Even with record high gasoline prices and sweltering temperatures, millions of Americans will take to the road this summer to discover America. Before they do, they should also take the time to re-discover Blue Highways: A Journey Into America, a classic American travelogue written by William Least-Heat Moon. Blue Highways will soon celebrate the 30th anniversary of its publication, and in honor of the occasion two photographers recently retraced the author’s journey and took photos showing what the people and places described in Blue Highways look like today. Their work has been published in Blue Highways Revisited, a remarkable achievement in its own right.
Although Blue Highways is a positive and hopeful book, it was born of despair. Least Heat-Moon, who is part Osage Indian, lost his job as an English professor on the same day his half-Cherokee wife told him she was seeing another man. With no commitments and few prospects, Least Heat-Moon gathered his meager savings, a few supplies, and copies of Whitman’s Leaves of Grass and Neihardt’s Black Elk Speaks and set out on a circular journey across the backroads of America, the so-called “blue highways” in the old Rand McNally road maps. He left his home in Columbia, MO the first day of spring in 1978, drove east, and followed a route more or less along the perimeter of the country (although he bypassed California completely). He returned three months and 13,000 miles later, and spent the next four years polishing his observations into a manuscript which, after dozens of rejections, became a best seller shortly after it was published.
And what a story it is. Least Heat Moon’s prose can soar, but it never ceases to be grounded in the sights, sounds and personalities of an America that our mass media largely ignores and some may believe no longer exists. He also brings the American landscape and bewildering diversity of our people vividly to life. Among the individuals Least Heat Moon meets on his journey are a couple building a houseboat from scratch in Brooklyn Bridge KY; the proprietor of the Swamp Guinea Fish Lodge in Oglesby GA who, when asked about the source of his name, says “the Swamp Guinea only tells regulars;” a Trappist monk in rural Georgia who used to be a beat cop in Brooklyn; the patrons of the Desert Den Bar and Filling Station in Hachita, NM, where Kit Carson and Wyatt Earp would have felt at home; and a beautiful woman on horseback in WA who the author boldly propositions (it undoubtedly got lonely sleeping in the back of a 1975 Econoline van). There is also this wonderful description of being invited into the home of a family in Nameless, TN, where the author is served buttermilk pie and treated to old-time country classics on a hand-cranked Edison phonograph, “the kind with the big morning glory blossom for a speaker:”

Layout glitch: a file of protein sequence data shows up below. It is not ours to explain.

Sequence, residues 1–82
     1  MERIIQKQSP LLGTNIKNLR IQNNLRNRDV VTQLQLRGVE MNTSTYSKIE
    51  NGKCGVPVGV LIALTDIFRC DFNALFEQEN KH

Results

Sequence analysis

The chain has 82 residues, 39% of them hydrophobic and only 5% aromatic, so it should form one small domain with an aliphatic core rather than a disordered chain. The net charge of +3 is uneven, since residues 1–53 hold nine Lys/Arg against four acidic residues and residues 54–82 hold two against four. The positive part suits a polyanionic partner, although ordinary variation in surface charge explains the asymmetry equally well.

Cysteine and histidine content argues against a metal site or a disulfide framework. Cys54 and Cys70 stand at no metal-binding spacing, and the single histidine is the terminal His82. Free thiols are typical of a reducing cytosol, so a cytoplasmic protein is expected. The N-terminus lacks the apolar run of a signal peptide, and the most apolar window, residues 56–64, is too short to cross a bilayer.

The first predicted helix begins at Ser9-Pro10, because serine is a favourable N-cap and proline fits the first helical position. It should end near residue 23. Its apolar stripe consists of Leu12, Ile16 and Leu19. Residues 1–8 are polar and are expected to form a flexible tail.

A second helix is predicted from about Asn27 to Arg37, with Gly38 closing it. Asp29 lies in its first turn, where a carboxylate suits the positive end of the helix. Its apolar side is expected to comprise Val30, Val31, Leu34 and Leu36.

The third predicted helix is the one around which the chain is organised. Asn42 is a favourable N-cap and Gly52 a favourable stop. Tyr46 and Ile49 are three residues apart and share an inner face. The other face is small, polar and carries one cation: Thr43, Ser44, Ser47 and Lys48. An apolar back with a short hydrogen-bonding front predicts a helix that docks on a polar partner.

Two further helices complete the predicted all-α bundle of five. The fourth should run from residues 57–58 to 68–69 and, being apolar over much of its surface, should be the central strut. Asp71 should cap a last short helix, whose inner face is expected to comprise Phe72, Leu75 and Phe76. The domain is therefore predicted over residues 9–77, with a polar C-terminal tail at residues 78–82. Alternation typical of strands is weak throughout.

It was one of those moments that you know will stay with you to the grave: the sweet pie, the gaunt man playing the old music, the coals in the stove glowing orange, the scent of kerosene and hot bread. “Here’s ‘Evening Rhapsody.’” The music was so heavily romantic we both laughed. I thought: It is for this I have come.
Of course, Least Heat Moon also encountered a few lost or sad characters along the way: an unrepentant racist in Selma AL (who seemed “more empty than malicious”); a runaway teenage girl gobbling handfuls of Quaaludes in northern WI; and a man he called the Boss of the Plains who obsessed over his misfortunes, which included a family that fell apart after his daughter modeled her face and bare shoulders for a condom ad. The self-obsession of the latter man seemed to bother the author most, since “things outside himself seemed banal…I suspected the Boss embraced one crisis after another because they gave him significance, something like tragic stature.”
Although Least Heat Moon never says so explicitly, he undoubtedly found the self-pity of the Boss of the Plains an affront to the spirit of the country he inhabited. The author is no political conservative, but he has little time for people who wallow in self-pity or fail to appreciate Americans’ endless ability to reinvent themselves. In fact, Blue Highways is ultimately the tale of how Least Heat Moon transcended his personal adversity, and marital problems so intense he laughingly referred to them as “the Indian wars,” by lifting his gaze from himself and towards the richness of the country surrounding him. This becomes clear near the end of the book, when the author describes an epiphany he experienced on the trip while reading the following words from Whitman:
Can each see signs of the best by a look in the lookinglass?
Is there nothing greater or more?
Does all sit there with you?
Something opened. Call it the Lookinglass syndrome. Like a crazed enemy running amuck, ego, that excessive looking inward, had had its way in the Indian wars and now the old life with the Cherokee was lost. But what had not been lost was the chance, as Black Elk says, “to make over.”
Like the millions who immigrated to America, and others taking to the American road, Least Heat Moon found the promise of America is that it gives you the ability to remake yourself. If you’re not satisfied with the life you have, go out and build yourself another one. Ironically, a man who was part Native American came to this understanding by becoming an immigrant to his homeland.
If you have the time, you should re-read Blue Highways or discover it for the first time before you take your own journey into America. Doing so will enrich your travels.
This article was is reprinted from The American Thinker.